Number Theory Number Theory Math Forum 
 LinkBack  Thread Tools  Display Modes 
August 11th, 2016, 07:09 PM  #1 
Newbie Joined: Aug 2016 From: Hong Kong Posts: 5 Thanks: 0  All primes are in form of 10nk+c
Prove: For positive integer n, and any positive integer c that 0 < c < 10n and c is coprime with 10n, all primes larger than 10n can be expressed in form of 10nk+c where k is a positive integer. Remark: c may have various values. For example, when n=2, possible values of c are: 1,3,7,9,11,13,17,19 
August 11th, 2016, 11:53 PM  #2 
Math Team Joined: Nov 2014 From: Australia Posts: 689 Thanks: 244 
Let $m = nk$. Then setting $n = 1$, it is clear that $m$ can be any natural number. It is a consequence of the division algorithm that any positive number (including primes) can be represented by $10m + c$, where $0 < c < 10$. This proves the result. 
August 12th, 2016, 08:31 AM  #3 
Global Moderator Joined: Oct 2008 From: London, Ontario, Canada  The Forest City Posts: 7,958 Thanks: 1146 Math Focus: Elementary mathematics and beyond 
But if $c$ is coprime to $10n$ how would you represent, say, 12?

August 12th, 2016, 08:59 AM  #4 
Global Moderator Joined: Dec 2006 Posts: 20,926 Thanks: 2205 
If $c$ isn't coprime to $10n$, $10n + c$ isn't a prime.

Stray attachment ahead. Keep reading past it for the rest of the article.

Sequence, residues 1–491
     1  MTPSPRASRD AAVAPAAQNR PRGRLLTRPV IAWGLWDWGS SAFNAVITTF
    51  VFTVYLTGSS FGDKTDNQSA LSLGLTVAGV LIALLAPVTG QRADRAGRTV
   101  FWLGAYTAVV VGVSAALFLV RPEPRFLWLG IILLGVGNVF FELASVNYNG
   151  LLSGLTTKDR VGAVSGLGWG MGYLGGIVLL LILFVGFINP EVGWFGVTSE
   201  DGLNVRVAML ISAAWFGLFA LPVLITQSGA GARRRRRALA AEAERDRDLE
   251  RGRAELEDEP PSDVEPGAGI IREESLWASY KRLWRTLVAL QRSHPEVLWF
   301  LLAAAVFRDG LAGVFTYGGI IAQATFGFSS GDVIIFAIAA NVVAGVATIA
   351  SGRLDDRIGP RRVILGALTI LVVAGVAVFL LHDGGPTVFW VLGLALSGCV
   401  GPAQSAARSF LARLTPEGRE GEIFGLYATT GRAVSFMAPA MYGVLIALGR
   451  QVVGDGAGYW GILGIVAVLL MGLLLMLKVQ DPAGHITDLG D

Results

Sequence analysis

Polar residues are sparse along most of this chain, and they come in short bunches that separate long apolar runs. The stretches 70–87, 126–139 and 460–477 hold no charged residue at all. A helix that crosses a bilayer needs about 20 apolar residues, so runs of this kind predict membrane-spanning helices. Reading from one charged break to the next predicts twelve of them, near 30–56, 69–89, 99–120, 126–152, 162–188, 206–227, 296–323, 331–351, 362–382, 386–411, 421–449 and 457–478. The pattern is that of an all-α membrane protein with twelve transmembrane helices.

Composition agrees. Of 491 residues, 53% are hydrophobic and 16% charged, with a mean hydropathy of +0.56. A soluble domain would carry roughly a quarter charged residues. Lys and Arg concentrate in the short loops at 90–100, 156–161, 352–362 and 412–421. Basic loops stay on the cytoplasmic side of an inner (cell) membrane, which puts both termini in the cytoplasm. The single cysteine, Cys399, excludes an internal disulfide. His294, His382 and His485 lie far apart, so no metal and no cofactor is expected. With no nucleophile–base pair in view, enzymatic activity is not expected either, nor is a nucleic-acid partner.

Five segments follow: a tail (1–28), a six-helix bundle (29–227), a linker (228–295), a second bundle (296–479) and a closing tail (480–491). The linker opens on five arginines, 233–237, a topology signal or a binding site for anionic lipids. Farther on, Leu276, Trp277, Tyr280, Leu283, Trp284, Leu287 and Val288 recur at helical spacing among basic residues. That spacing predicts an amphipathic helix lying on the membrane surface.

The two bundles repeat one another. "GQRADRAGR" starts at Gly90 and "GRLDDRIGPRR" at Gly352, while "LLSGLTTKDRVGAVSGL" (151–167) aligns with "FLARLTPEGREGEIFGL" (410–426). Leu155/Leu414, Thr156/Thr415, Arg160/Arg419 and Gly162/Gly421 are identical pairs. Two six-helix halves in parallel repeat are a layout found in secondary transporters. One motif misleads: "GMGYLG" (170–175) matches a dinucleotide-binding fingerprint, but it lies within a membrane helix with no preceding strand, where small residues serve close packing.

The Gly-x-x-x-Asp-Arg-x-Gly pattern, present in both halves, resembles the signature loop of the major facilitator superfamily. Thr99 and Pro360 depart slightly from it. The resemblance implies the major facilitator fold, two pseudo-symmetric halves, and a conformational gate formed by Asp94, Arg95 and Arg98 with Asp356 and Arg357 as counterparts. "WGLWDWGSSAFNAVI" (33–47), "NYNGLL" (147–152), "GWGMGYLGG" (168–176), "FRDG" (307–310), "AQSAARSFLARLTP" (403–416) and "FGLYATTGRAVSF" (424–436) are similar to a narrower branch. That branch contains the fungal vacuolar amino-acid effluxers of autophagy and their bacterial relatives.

August 12th, 2016, 03:26 PM  #5 
Math Team Joined: Nov 2014 From: Australia Posts: 689 Thanks: 244 
Ah. I didn't read the question very well it seems. It is still trivial however, since 1, 3, 7 and 9 are all coprime to $10n$. This means that all odd numbers not ending in 5 (and thus not divisible by 5) can be represented in this way. 

Tags 
10nk, coprime, form, primes 
Thread Tools  
Display Modes  

Similar Threads  
Thread  Thread Starter  Forum  Replies  Last Post 
Conjecture about primes of the form 2^k1  mobel  Number Theory  21  October 16th, 2015 07:45 AM 
primes and twin primes: Number between powers of 10  caters  Number Theory  67  March 19th, 2014 04:32 PM 
Conjecture about primes of a special form  Sebastian Garth  Number Theory  9  November 22nd, 2013 02:38 PM 
Help with an infinite primes of the form proof  WheepWhoop  Number Theory  7  October 20th, 2011 05:09 PM 
Are there infinitely many primes of the form (n!)/2+1 ?  johnmath  Number Theory  8  April 29th, 2011 08:45 AM